Open enrollment for Medicare begins on October 15th, and healthcare is on everyone’s mind.
For your clients turning 65, they should have already begun weighing all their options and marking their calendars for the enrollment period.
The thought of making these decisions can be overwhelming for some and many questions arise, such as
- I’ll be turning 65 soon. When should I start the process of applying for Medicare? 1.
- I’m retiring soon. What do I do about Medicare between now and my retirement? 1.
- I’ll be 65 soon but plan to keep working full time. Is it better to keep my employer’s health insurance or to get Medicare? 1.
One of the biggest misconceptions about Medicare is that their coverage will be free.
It is easy to see why people assume that after paying into Medicare through payroll withholdings at work for many years that they wouldn’t owe anything at this point.
As a financial advisor, you know that unfortunately, this isn’t the case.
The harsh reality is that health care is the largest unknown expense for most retirees.
The risk of not accounting for these costs will probably have a detrimental financial impact on their retirement.
This knowledge leaves us to contemplate if we are doing enough to help our clients plan for the cost of health care.
We question whether we have informed our clients of their options, or do we have any client plans we need to give a second glance at?
Keeping that in mind…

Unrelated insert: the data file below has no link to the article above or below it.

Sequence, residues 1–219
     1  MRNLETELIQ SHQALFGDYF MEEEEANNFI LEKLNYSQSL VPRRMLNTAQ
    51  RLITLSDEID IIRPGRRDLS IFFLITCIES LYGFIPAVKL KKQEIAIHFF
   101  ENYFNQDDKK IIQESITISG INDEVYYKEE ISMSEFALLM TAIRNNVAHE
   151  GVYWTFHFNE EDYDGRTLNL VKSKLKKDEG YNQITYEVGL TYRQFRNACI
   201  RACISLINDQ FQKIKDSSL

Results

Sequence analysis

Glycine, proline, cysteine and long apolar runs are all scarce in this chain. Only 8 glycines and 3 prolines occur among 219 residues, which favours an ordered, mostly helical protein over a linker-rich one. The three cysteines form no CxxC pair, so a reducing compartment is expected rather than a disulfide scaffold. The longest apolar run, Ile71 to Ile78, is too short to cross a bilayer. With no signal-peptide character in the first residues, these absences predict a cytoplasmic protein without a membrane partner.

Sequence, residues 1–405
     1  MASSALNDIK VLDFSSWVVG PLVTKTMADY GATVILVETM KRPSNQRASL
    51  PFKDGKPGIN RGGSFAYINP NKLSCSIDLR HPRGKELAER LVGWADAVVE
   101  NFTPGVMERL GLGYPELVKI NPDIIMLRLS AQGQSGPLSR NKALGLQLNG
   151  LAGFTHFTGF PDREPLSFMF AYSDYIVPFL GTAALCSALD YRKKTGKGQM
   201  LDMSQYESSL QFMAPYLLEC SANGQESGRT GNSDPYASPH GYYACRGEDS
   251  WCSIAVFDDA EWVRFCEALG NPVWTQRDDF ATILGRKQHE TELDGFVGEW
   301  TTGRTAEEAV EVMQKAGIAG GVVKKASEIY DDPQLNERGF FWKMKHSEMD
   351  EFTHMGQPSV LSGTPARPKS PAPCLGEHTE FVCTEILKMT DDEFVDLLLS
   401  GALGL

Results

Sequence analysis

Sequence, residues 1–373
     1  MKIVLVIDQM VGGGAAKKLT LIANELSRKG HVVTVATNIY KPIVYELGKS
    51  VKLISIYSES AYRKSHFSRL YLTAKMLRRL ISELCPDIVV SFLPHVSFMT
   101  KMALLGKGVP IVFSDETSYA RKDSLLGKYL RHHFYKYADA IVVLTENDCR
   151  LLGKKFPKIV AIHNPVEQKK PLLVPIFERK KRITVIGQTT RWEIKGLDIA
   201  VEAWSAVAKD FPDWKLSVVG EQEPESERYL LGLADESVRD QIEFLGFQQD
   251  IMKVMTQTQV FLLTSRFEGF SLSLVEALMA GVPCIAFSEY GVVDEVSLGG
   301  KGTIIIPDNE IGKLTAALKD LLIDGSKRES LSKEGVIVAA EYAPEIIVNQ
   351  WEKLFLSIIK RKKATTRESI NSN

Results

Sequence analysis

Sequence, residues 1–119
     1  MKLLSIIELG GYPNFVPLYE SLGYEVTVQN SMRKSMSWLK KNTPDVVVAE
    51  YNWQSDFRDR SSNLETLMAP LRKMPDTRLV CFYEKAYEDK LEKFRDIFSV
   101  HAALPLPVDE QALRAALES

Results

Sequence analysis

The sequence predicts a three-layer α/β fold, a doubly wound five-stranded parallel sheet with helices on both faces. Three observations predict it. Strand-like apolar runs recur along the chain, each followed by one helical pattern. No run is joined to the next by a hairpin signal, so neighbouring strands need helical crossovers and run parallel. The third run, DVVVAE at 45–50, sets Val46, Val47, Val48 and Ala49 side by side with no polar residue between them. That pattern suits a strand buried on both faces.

How do you answer the question: “How much will I need to cover health care costs during retirement?”
Opinions in our own industry seem to differ…
According to the Fidelity Retiree Health Care Cost Estimate, an average retired couple age 65 in 2021 may need approximately $300,000 saved (after tax) to cover health care expenses in retirement. 2.
People are left feeling overwhelmed and confused by the thought of needing this much, but is this number accurate?
MarketWatch challenges past advice saying, “For years now, firms in the financial services industry, as well as researchers, have been scaring pre-retirees into thinking they need an ungodly amount of money set aside at age 65 to pay for years of healthcare costs in retirement.” 3.
MarketWatch goes on to say that the average person will spend around $5,700 in today’s year for premiums and out-of-pocket expenses. 3.
What do you think?
With the vast amount of information out there on this topic and a wide variety of opinions, it is crucial to be proactive in discussing this topic with your client.
Here are some ways that you can help start the conversation with clients
- Don’t wait to talk about this until they are turning 65. Start the conversation about Medicare as early as age 62.
- Identify Medicare experts in your area and cultivate relationships so that you can refer your clients to someone you trust.
- Lastly, offer your clients resources including ElderCare.gov, Medicare.gov, your State Health Insurance Assistance Program, or SHIP, and the Medicare Rights Center.